• The alien hand sign, or "main etrangere", was first described by Brion and Jedynak 1 as a combination of involuntary, seemingly purposeful, hand movements with denial of its ownership in three patients with corpus callosal tumours. (bmj.com)
  • The term "diagonistic dyspraxia" was coined earlier by Akelaitis 2 in a patient with a corpus callosotomy who developed transient, involuntary antagonistic movements of the non-dominant hand which interfered with attempted voluntary movements of the dominant hand. (bmj.com)
  • Subsequent reports of dominant alien hand sign as a presentation of anterior cerebral artery infarction involving both the corpus callosum and dominant medial frontal cortex, 4-11 led to the concept of two different kinds of alien hand, one "frontal" in the dominant hand and the other "callosal" in the non-dominant hand. (bmj.com)
  • Reversible splenial lesion syndrome is a condition which is radiologically characterized by reversible lesion in the splenium of the corpus callosum. (biomedcentral.com)
  • Episodes of Alice in Wonderland Syndrome come and go within a matter of minutes, and most people experience them at home. (toptenz.net)
  • It turns out Alex has Male pseudohermaphrodism, which is now called Androgen insensitivity syndrome (AIS). (futurism.media)
  • Indeed, Bramwell applied this term to two different conditions: (a) right hemiplegia and aphasia in a left-hander and (b) left hemiplegia and aphasia in a right-handed individual. (hindawi.com)
  • Hécaen and Albert [ 7 ] suggested that the term "crossed aphasia" should be used only to refer to aphasia following right hemisphere pathology in a right-handed person, and this is how the term is currently used [ 8 ]. (hindawi.com)
  • This structural, lesion based, disconnectionist approach has been challenged recently by a strong association with corticobasal ganglionic degeneration 12 and two case reports of pathologically established Alzheimer's disease presenting with isolated alien hand. (bmj.com)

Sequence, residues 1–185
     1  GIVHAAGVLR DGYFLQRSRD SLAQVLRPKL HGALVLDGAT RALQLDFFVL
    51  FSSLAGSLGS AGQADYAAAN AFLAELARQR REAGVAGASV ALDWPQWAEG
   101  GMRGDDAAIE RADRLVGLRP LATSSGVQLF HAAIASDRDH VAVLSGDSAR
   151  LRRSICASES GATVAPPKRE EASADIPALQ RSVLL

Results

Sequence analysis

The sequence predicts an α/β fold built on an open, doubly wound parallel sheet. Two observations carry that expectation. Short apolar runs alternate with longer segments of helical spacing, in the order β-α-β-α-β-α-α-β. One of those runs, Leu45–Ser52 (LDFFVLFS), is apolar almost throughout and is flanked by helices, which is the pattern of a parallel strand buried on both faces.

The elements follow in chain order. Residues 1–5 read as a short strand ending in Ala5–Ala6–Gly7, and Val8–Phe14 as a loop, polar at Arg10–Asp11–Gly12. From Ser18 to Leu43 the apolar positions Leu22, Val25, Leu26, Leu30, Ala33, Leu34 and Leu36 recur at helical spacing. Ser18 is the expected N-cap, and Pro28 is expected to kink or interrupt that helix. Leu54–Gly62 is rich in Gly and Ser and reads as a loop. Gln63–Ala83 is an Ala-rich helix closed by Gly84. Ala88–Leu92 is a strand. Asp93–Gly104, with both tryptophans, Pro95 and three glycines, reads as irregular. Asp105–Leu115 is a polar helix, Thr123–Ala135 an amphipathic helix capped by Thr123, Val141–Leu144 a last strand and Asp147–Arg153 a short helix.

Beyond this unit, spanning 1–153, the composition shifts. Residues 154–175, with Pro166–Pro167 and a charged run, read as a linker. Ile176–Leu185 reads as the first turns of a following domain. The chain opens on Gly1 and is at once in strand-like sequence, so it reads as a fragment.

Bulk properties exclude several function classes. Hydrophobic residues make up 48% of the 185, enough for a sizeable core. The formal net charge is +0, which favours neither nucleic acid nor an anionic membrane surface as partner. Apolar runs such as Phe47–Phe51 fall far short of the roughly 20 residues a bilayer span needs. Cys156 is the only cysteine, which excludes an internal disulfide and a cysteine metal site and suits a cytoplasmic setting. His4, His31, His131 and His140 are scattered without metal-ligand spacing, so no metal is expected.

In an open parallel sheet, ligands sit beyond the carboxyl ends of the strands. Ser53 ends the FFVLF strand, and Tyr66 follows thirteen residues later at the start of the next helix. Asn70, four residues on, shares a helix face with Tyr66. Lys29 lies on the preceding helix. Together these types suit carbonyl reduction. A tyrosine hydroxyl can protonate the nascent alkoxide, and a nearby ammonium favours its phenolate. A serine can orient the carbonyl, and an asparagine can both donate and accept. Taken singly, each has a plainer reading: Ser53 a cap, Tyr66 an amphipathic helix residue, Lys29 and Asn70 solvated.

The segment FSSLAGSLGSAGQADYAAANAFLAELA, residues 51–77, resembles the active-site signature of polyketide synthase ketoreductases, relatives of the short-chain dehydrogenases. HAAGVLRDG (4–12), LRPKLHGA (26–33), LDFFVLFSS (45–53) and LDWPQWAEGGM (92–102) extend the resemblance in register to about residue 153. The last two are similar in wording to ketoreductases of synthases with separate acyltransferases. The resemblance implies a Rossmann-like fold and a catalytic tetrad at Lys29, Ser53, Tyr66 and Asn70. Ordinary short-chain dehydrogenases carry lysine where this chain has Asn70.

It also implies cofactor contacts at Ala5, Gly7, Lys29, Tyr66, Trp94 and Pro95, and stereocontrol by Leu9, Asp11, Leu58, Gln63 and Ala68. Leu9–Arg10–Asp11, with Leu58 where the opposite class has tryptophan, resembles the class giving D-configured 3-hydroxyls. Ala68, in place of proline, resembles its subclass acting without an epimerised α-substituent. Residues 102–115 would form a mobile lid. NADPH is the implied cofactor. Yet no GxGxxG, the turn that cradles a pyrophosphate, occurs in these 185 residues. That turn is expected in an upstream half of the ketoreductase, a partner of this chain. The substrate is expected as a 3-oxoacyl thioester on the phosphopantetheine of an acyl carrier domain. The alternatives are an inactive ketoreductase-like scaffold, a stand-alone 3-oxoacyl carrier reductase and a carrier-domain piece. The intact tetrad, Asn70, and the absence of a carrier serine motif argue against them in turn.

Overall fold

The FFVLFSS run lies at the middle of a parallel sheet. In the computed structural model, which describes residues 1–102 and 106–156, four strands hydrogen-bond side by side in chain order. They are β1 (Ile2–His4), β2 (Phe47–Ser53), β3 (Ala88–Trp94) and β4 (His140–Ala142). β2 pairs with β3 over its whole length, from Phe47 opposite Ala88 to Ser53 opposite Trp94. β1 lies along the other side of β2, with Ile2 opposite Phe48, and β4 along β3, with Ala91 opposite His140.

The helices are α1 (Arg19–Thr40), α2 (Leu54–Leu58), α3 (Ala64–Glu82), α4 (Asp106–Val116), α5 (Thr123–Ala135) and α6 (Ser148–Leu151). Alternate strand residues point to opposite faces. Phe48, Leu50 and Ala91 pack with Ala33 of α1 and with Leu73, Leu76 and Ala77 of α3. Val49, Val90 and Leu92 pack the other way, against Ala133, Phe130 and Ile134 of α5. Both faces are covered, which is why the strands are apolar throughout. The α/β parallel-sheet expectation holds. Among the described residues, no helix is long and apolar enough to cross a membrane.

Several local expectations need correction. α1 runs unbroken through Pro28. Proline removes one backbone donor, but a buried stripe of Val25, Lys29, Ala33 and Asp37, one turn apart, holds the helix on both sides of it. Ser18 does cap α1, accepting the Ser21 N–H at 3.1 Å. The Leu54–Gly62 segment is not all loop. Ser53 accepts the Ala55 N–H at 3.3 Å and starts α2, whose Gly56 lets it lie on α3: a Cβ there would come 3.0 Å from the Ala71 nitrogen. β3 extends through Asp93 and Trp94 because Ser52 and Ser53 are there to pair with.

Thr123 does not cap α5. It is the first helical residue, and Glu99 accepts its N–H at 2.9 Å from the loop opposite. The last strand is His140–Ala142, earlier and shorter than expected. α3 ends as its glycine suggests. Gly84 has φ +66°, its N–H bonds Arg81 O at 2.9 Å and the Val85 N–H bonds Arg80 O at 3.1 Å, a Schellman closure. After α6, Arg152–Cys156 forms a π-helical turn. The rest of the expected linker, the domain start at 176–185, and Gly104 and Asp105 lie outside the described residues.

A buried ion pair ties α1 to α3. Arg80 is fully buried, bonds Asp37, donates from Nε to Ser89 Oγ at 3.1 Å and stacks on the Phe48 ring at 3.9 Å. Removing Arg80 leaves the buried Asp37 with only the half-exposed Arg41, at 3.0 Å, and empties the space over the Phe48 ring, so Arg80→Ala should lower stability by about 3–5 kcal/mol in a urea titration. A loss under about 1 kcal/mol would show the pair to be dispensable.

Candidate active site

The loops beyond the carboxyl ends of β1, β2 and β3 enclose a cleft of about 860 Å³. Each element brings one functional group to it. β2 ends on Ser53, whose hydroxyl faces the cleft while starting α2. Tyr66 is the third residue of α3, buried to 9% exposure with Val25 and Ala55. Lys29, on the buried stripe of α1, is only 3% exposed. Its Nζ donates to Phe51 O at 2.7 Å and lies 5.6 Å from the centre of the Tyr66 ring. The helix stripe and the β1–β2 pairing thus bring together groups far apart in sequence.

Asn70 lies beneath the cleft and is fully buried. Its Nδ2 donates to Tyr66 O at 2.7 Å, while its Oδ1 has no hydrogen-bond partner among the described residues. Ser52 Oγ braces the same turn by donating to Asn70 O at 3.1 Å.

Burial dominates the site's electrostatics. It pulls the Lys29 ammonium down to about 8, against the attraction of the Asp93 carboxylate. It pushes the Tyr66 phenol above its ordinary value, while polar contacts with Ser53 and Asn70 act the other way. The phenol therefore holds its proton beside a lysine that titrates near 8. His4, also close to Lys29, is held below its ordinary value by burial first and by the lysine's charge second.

• Hinter dem etwas befremdlichen Pseudonym Alien Hand Syndrome (benannt nach einer neurologischen Störung ) verbirgt sich der in Wien lebende oberösterreichische Multinstrumentalist Clemens Engert, der mit „Slumber" sein zweites Album vorlegt. (nicorola.de)
  • They will often dissociate themselves from the hand by personifying it-sometimes assigning it a name-and attribute its inexplicable movements to ghosts or gods. (damninteresting.com)
  • In alien hand syndrome the individual tends to display more sensory deficits as they dissociate themselves from the hand and its actions, frequently remarking on the hand's behaviour as if it does not belong to them. (blogspot.com)
  • I would like to ask the group if anyone has tried Low Dose Naltrexone for Restless Leg Syndrome. (medhelp.org)
  • The patient complained of a feeling of "strangeness" in relationship to the goal-directed movements of the left hand and insisted that "someone else" was moving the left hand, and that she was not moving it herself. (blogspot.com)
  • Here we found that this bilateral network was activated by VM with either hand (right or left), but with left prefrontal areas being more strongly implicated than right prefrontal areas and specifically associated with voluntary relative to alien movements of the left hand. (physicsforums.com)
  • The purpose of this study was to determine how regional involvement of the thalamus differs among Parkinson disease, progressive supranuclear palsy, and corticobasal syndrome. (ajnr.org)
  • Nine patients with Parkinson disease, 5 with progressive supranuclear palsy, and 6 with corticobasal syndrome underwent 3T MR imaging along with 12 matched, asymptomatic volunteers by using a protocol that included volumetric T1 and diffusion tensor imaging. (ajnr.org)
  • Thalamic volume was smaller in the progressive supranuclear palsy and corticobasal syndrome groups compared with the Parkinson disease and control groups. (ajnr.org)
  • Reduced size and increased ADC disproportionately involve the lateral thalamus in progressive supranuclear palsy and corticobasal syndrome, consistent with selective neurodegeneration and atrophy in this region. (ajnr.org)
  • A patient with alien hand syndrome experiences their limbs acting without their control. (futurism.media)
  • He describes patients who suffer from 'alien hand syndrome' where one hand might attack the patient's own throat, patients with frontal lobe damage who invent fantastic stories about their lives, paralyzed patients who reject and disown one of their limbs. (ovid.com)
  • People who have the rare skin disease called Werewolf syndrome have some features that may resemble those of the mythical creatures for which the condition is named. (livescience.com)